The ongoing dispute between the government and Google concerning the company’s refusal to hand over customer data stored on foreign servers has taken an odd twist. Now, the Justice Department is demanding that Google be sanctioned for not abiding by the court’s most recent decision—ordering it to produce data associated with 22 email accounts—and calling Google’s conduct “a willful and contemptuous disregard of various court orders.” The case is In the Matter of the Search of Content that Is Stored at Premises Controlled by Google, No. 16-mc-80263 (N.D. Cal.).

As we’ve explained in previous updates, the government obtained a search warrant under the Stored Communications Act (the “SCA”) for access to Google customer accounts, including emails, contacts, files, location history, and search history. Google partially complied with the warrant by turning over information that was stored domestically, but filed a motion to quash the warrant to the extent it compelled production of data stored on servers located abroad. U.S. District Judge Richard Seeborg rejected Google’s arguments—along with the Second Circuit’s interpretation of the SCA in the Microsoft case, which we’ve blogged about here, here, and here —and ordered Google to hand over customer email traffic, wherever located, to U.S. law enforcement.

Google wants to appeal Judge Seeborg’s ruling, but is in a tight spot. If Google refuses to comply with the ruling during the pendency of its appeal, it risks inviting (potentially very costly) sanctions. On the other hand, if it complies with the order, it risks mooting the appeal—not to mention potentially upsetting its users.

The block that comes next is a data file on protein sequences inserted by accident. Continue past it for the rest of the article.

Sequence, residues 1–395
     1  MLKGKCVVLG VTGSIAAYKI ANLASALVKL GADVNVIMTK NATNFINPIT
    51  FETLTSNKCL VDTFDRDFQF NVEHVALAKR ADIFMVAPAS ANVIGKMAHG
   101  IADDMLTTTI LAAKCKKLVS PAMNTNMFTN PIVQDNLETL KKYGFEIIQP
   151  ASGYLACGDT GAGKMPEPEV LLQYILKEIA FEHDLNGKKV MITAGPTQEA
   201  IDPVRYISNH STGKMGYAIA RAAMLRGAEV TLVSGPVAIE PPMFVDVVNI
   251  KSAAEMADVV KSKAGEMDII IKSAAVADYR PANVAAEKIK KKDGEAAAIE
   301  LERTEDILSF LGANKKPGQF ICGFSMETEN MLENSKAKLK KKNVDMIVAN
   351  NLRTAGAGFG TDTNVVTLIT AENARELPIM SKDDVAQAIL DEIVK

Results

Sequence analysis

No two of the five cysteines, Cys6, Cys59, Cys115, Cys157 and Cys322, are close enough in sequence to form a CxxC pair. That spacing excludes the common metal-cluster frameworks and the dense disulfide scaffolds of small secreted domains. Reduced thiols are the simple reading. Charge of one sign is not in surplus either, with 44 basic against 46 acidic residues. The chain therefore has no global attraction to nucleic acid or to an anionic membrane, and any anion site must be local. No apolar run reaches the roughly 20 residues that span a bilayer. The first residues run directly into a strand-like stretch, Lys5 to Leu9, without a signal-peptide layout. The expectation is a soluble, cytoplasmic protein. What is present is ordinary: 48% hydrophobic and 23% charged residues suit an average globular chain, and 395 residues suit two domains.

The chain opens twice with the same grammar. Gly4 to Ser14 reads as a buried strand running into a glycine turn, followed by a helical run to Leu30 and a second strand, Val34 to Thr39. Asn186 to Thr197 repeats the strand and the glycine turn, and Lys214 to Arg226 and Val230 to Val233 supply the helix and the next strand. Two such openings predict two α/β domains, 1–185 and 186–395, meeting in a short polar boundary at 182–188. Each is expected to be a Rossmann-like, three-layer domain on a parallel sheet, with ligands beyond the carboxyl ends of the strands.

Google’s solution? Not surprisingly, Google has advised Judge Seeborg that it wishes to appeal, will not comply with the court’s ruling, and wants to be held in civil contempt to expedite the appeal. Although it may seem unusual for a party to seek a contempt finding against itself, this approach has appeal for Google because it preserves appellate jurisdiction. Importantly, Google is asking the court to stay any sanctions during the pendency of the appeal, on the grounds that it is simply acting in good faith to seek clarity on an important legal issue. The company promises that it will continue to preserve the information at issue, and pledges to immediately produce the information if it loses on appeal.

The government has stipulated to similar terms in other SCA disputes with Microsoft and Google in other jurisdictions. But the U.S. Attorney’s Office for the Northern District of California is taking a very different approach: it has accused Google of “alarming” behavior and “willful and contemptuous disregard” for the court, and is asking the court to impose steep monetary sanctions on the company. The government seeks a hearing to determine “[w]ho at Google was responsible” for the company’s litigation and business responses to the SCA warrant, for the purposes of crafting an appropriate fine.

In its papers, the government accused Google of “spending thousands of man-hours and forgoing other engineering projects, all so that it would be positioned to refuse to disclose any of its foreign-stored data—or, more precisely, any data it could not confirm was held in the United States—without seeking judicial relief or guidance and without limiting its new tooling to be used for warrants issued out of the Second Circuit.”

Google’s motion can be read here, and the government’s response and motion for contempt hearing is here. We’ll keep watching the case and report back when Judge Seeborg issues his ruling.